Gamma Betas bring Fiesta de Noche to campus

The+Fiesta+de+Noche+celebration+took+place+Sept.+24+at+the+Ray+and+Kay+Eckstein+Common.+

The Fiesta de Noche celebration took place Sept. 24 at the Ray and Kay Eckstein Common.

Sounds of reggaetón, rancheras and salsa could all be traced to the Fiesta de Noche celebration at the Ray and Kay Eckstein Common on Sept. 24.

While taking a break from making tacos and carefully ladling sweet horchata into red cups, Angel “Pollux” Martinez, vice-president of external affairs for the Gamma Beta chapter of Sigma Lambda Beta Fraternity, expressed how the turnout for the event felt.

“It’s crazy! It’s almost like a joke! Every 30 seconds I’m talking to someone new. It’s like, ‘Hey! How’re you doing? Horchata or Jarrito?’” said Martinez Martinez said.

Although Fiesta de Noche is sponsored by the Marquette University Student Government and Late Night Marquette, the Gamma Betas are the event’s founders.

The Sigma Lambda Beta Fraternity is the first Latino-based fraternity. It was founded in 1986 at the University of Iowa. Although its founding chapter started with 18 members, the organization currently has over 120 chapters in more than 30 states.

Marquette’s Gamma Beta chapter was founded on May 15, 1998, and officially recognized on May 17, 2000.

“It started as just, like, a cookout for the bros at the fraternity, and then it kind of expanded more and more every year. They’ve been doing this since the early 2000s, the last five years it’s gotten really big,” Martinez said.

According to Martinez, the event has reached an attendance of at least a thousand in the last 3 years.

“I think Fiesta de Noche is so good for the community. Everyone gets to be together and non-Latinos get to learn and be more open and understanding when connecting with us,” Amanda Morales, a sophomore in the College of Arts & Sciences, said.

Lines for food spanned from the tables where Mexican drinks were being served to the opposite street, and the greenspace was packed with an audience watching dancers perform the Jarabe Tapatío, a traditional Mexican dance that imitates a courtship and concheros, another traditional Mexican dance meant to imitate and honor precolonial and colonial traditions.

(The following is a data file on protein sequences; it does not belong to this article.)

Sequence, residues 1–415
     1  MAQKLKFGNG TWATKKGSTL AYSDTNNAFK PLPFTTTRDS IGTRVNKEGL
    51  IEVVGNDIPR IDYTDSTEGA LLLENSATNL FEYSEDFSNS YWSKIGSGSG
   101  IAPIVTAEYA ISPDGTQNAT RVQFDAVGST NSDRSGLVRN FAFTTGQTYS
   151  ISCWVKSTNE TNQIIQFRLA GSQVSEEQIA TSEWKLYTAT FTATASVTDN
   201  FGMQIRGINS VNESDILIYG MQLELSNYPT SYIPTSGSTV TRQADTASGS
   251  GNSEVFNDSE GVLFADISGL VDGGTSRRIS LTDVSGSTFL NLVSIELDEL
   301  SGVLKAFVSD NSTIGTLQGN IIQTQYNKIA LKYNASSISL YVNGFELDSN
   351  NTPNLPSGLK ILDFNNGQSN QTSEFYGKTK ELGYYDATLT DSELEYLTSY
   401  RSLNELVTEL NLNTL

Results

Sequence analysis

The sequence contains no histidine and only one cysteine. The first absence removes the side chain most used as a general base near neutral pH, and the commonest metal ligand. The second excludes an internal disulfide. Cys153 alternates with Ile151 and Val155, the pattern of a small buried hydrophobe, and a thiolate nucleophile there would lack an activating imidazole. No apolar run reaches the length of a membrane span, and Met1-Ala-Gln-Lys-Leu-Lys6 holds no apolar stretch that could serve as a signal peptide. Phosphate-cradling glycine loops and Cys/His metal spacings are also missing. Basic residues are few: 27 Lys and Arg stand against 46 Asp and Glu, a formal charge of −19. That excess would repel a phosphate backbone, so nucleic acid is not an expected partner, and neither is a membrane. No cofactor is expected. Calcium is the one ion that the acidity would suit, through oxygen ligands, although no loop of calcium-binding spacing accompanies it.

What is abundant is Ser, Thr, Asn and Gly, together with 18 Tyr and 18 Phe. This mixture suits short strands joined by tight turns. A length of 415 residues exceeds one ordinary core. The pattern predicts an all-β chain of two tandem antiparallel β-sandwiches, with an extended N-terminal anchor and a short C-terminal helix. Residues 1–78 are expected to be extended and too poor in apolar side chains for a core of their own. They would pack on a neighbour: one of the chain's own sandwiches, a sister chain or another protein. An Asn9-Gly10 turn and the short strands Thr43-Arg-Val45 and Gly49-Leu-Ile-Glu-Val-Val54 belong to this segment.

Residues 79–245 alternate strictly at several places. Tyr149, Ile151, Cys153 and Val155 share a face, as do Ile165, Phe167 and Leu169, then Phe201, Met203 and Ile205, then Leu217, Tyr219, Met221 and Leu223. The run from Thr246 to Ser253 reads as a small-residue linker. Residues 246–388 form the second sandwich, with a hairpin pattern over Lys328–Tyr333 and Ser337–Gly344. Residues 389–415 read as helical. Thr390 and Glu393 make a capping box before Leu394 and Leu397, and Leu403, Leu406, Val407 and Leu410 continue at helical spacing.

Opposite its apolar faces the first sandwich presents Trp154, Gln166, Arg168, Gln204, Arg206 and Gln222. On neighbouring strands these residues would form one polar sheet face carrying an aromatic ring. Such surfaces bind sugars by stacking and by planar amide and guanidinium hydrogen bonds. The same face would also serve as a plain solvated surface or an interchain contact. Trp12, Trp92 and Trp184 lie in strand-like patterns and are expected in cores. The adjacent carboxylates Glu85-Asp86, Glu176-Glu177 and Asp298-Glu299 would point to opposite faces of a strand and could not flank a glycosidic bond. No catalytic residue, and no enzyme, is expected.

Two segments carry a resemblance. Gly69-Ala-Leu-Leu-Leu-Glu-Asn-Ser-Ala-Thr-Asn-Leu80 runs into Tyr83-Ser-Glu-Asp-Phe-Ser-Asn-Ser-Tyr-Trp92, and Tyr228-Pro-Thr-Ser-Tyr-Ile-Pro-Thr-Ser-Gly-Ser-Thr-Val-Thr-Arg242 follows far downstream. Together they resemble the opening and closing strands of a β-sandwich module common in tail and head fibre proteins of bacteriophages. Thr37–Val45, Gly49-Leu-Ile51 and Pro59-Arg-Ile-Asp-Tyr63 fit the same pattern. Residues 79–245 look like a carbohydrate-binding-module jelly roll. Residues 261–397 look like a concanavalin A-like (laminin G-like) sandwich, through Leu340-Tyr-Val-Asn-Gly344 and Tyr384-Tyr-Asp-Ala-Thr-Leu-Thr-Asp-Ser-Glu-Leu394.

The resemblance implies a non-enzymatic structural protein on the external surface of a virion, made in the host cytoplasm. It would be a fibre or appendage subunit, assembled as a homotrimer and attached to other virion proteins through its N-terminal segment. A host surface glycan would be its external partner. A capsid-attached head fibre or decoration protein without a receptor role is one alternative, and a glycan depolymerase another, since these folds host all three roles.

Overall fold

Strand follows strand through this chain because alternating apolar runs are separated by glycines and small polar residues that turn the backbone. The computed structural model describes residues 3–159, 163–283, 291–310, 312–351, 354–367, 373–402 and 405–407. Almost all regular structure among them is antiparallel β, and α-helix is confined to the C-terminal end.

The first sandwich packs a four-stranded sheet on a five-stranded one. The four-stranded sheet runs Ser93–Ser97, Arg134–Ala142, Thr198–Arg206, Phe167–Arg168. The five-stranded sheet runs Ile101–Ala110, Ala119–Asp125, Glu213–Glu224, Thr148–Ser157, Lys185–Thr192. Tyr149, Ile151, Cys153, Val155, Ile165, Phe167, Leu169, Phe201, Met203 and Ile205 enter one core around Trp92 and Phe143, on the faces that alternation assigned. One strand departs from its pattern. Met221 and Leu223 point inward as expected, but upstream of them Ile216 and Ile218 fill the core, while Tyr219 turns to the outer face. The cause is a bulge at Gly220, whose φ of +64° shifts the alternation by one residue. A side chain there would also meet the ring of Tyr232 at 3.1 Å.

When the dancers were not performing, a live DJ was playing a mix of Latin music from all corners of Latinoamerica.

“I feel appreciated when there’s activities like Fiesta de Noche. It’s like you’re getting acknowledged and noticed,” Camila Rodriguez, a sophomore in the College of Arts & Sciences, said.

Since 2016, Marquette has been striving to become a Hispanic Serving Institution. HSIs are federally designated institutions that have a 25% or higher Hispanic student body.

“Having an event like this is so important. Marquette is an aspiring HSI, and events like this mean so much to the Latino community on campus. It’s reassurance that we care. Even if we go to a PWI, we’re all here for each other,” Martinez said.

As of 2021, Marquette has a Hispanic population of at least 15%.

This means that the Hispanic population on campus has doubled in the last 10 years and that Marquette now officially qualifies for Emerging HSI status.

Marquette’s history on attempting to become a HSI

Although Marquette is an Emerging HSI, some students feel that administration could be allocating more resources to its Hispanic population.

The Roberto Hernández Center, University of Wisconsin-Milwaukee’s Hispanic Student Resource Center, sits 15 minutes away from Marquette’s campus.

Although Marquette has multicultural programs and resource centers, there is no specific support for Hispanic students.

“I’ve been going to these events since freshman year. It’s really nice to see your community and the people of color from on-campus. It’s not even about celebrating my Mexican culture, it’s about celebrating culture in general,” America Garcia, a senior in the College of Arts & Sciences, said.

Garcia said she is also a part of Marquette’s chapter of the Sigma Lambda Gamma International Sorority, Omicron Gamma. The sorority often collaborates with the Gamma Betas, as does the Latin American Student Organization.

On Wednesday, Sept. 28, there will be a Soup with Substance meeting hosted by Campus Ministry at noon in AMU room 227.

This was written by Clara Lebrón. She can be reached at [email protected]